Lice are Lousy but not Unhealthy

Head lice are not a popular topic of conversation or research, but maybe they should be — 6 to 12 million children (mostly ages 3-12) have them every year. A 2002 report from the American Academy of Pediatrics sets the record straight and makes clear recommendations that may surprise many parents, teachers, school administrators, and youth workers at residential treatment centers and other centers where lice are a potential problem.

The report starts with the statement that “Head lice are not a health hazard or a sign of uncleanliness and are not responsible for the spread of any disease.” It explains that lice affect all socio-economic groups, but are less common among blacks, apparently because their oval-shaped hair shafts are harder for a louse (that’s the singular of lice!) to grasp.

While it is nearly impossible to totally prevent head lice infestations, it helps to teach children not to share combs, brushes and hats. And although schools and day care centers usually require children with lice to go home, the 2002 report from the American Academy of Pediatricians points out that a child with live lice has probably had the lice for a month or more by the time they are discovered, and the child poses little risk to others, and should therefore remain in school. However, they  should be discouraged from having “close head contact” with others. The report recommends that the information about a child’s lice be confidential rather than public, with a call to the parent or guardian stating that prompt treatment is in the child’s best interest. Exceptions might be necessary if a child has hundreds of live lice.

School Policies

The American Academy of Pediatrics (AAP) and the National Association of School Nurses discourage the “no nits” policy that many schools have established. Nits are the tiny lice eggs, which can be easier to spot than live lice, since lice crawl up to 30 cm (nearly 12 inches) per minute. “No nits” policies are especially problematic because empty lice egg cases, dandruff, or even dirt can be mistaken for nits.

A study of 1,729 children in two elementary schools looked at how many children with nits will go on to have head lice. The study found that about 5% of the children had lice and that only a relatively small proportion of kids with nits become infected with lice. According to school policy, all children found to have lice had to be picked up from school by their parents and could not return to school without proof of treatment. However, of 50 children with nits but no lice, only nine (18 percent) became infected with lice during the following two weeks. The total number of nits that a child had in his or her hair did not predict whether a child would become infected. Even more surprising, whether or not the children received treatment for lice did not affect whether or not the children with nits ended up with lice.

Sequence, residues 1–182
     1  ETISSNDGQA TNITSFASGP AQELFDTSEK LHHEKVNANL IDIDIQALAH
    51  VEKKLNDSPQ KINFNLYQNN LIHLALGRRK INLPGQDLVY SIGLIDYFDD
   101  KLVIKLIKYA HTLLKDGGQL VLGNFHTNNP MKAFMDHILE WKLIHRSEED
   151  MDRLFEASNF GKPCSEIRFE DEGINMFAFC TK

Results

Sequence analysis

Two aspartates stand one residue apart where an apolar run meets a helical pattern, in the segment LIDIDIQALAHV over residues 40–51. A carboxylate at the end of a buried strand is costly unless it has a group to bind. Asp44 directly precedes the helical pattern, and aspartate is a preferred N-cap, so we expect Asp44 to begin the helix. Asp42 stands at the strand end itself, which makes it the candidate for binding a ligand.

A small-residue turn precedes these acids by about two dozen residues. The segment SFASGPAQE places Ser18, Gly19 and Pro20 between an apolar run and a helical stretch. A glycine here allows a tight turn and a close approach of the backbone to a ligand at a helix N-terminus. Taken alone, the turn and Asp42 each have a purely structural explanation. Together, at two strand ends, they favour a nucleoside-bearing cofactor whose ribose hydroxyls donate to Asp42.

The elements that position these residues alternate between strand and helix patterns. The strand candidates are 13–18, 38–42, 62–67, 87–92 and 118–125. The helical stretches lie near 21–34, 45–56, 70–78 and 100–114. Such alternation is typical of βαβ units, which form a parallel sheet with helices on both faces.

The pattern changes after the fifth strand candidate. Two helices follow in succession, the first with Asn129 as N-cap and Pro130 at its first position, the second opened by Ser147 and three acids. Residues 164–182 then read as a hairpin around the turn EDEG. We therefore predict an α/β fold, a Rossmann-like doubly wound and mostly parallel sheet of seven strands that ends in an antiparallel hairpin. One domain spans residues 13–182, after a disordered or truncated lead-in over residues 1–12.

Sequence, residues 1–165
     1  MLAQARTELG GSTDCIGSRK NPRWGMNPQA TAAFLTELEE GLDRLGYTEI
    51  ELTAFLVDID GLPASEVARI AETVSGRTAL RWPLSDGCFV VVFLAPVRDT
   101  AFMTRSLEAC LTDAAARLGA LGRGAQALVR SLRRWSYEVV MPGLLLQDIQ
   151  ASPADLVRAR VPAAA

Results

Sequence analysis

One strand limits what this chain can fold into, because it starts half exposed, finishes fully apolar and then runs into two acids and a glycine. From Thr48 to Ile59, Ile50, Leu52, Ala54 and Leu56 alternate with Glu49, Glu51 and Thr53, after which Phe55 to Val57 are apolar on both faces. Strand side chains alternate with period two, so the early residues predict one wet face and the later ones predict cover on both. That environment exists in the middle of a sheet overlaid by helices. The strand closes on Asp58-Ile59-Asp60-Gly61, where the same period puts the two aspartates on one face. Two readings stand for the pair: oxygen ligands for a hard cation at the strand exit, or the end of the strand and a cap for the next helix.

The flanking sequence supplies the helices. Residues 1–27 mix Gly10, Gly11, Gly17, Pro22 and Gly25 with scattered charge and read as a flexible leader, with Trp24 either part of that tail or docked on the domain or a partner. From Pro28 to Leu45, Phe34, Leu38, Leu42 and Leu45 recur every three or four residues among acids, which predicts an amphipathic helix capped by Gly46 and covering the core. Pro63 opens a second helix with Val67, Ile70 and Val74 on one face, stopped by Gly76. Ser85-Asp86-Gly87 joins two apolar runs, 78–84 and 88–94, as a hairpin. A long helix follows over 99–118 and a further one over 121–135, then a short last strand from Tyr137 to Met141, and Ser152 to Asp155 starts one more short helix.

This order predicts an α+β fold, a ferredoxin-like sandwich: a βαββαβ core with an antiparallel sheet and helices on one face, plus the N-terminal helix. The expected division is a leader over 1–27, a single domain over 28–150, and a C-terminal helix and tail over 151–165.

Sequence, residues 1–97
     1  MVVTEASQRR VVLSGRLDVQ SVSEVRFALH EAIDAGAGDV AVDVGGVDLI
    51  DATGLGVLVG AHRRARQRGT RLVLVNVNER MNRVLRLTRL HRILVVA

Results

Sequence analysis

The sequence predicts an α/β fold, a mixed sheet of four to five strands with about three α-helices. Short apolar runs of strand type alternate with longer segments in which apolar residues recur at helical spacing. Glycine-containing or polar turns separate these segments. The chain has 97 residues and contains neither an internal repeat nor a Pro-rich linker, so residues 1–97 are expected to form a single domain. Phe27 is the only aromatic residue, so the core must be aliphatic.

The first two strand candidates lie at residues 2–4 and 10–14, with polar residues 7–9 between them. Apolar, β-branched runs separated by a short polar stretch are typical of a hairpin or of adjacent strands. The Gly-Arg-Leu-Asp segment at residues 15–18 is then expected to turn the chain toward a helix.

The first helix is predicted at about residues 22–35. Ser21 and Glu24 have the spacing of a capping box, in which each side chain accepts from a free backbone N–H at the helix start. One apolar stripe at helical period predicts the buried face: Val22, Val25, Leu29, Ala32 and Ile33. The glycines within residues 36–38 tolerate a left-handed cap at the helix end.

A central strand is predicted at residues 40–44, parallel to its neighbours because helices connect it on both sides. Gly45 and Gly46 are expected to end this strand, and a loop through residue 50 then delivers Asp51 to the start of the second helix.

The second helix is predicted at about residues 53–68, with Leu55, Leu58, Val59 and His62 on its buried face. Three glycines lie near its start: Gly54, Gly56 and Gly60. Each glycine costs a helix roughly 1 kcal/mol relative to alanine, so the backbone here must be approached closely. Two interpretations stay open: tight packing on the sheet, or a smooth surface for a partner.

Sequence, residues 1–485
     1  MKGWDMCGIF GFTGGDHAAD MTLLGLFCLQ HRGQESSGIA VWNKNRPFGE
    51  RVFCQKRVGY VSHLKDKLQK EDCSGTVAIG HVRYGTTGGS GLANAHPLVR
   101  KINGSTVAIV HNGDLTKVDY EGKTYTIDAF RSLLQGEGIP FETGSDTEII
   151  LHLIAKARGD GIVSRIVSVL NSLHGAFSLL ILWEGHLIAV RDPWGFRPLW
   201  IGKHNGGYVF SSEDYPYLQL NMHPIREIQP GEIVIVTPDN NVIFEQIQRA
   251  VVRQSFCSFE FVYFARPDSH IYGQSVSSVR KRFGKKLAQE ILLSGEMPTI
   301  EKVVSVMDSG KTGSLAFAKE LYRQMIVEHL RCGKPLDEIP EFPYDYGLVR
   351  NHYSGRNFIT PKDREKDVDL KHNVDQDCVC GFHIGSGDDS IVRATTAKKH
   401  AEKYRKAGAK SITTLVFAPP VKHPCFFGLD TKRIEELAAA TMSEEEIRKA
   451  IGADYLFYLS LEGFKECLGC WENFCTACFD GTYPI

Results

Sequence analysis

The authors of the study conclude that many children who are not infectious and will not themselves get lice are being removed from schools that have a “no nits” policy. In addition, requiring treatment for nits may be inappropriate, since there was no evidence that it decreased the likelihood of subsequent infestation.


Treatments include a variety of toxic and not-so-toxic shampoos and creams. The AAP report describes Nix as a cream rinse that is the “recommended treatment of choice” because it is less toxic to humans than other products and does not cause allergic reactions to children with plant allergies. It describes Lindane as a prescription product that must be used extremely carefully, can cause severe seizures in children, and is not very effective. Malathion is also a prescription lotion; although it is also a neurotoxin, its greater danger is that it is highly flammable and very dangerous if ingested. Several lice shampoos are made from extracts from chrysanthemums — RID, A-200, R & C, Pronto, and Clear Lice System. These are neurotoxic to lice but not very dangerous to humans. However, some children and adults have allergic reactions, especially those who are sensitive to ragweed.

The report also lists several products that are sometimes used but not proven safe or effective for lice: creams such as Elimite and Eurax, pills such as Septra, Bactrim, and Stromectal, natural products such as HairClean 1-2-3, and “petrolatum shampoo.” Old-fashioned treatments such as gasoline, kerosene, and other flammable substances “should never be used” according to the report.

The report summary emphasizes that head lice screening programs are not cost-effective and often are not effective at all, and that healthy children with lice should not be excluded from school nor even allowed to miss school because of lice.

All articles on our website have been approved by Dr. Diana Zuckerman and other senior staff.

  1. Head Lice. American Academy of Pediatrics Clinical Report.
    Pediatrics, Vol 110 No 3, September 2002. Available online at
  2. L. Keoki Williams, M.D., Amanda Reichert, M.A., William R. MacKenzie, M.D and colleagues. Lice, Nits, and School Policy. .Pediatrics, Vol 107, No 5 May 2001. Available online at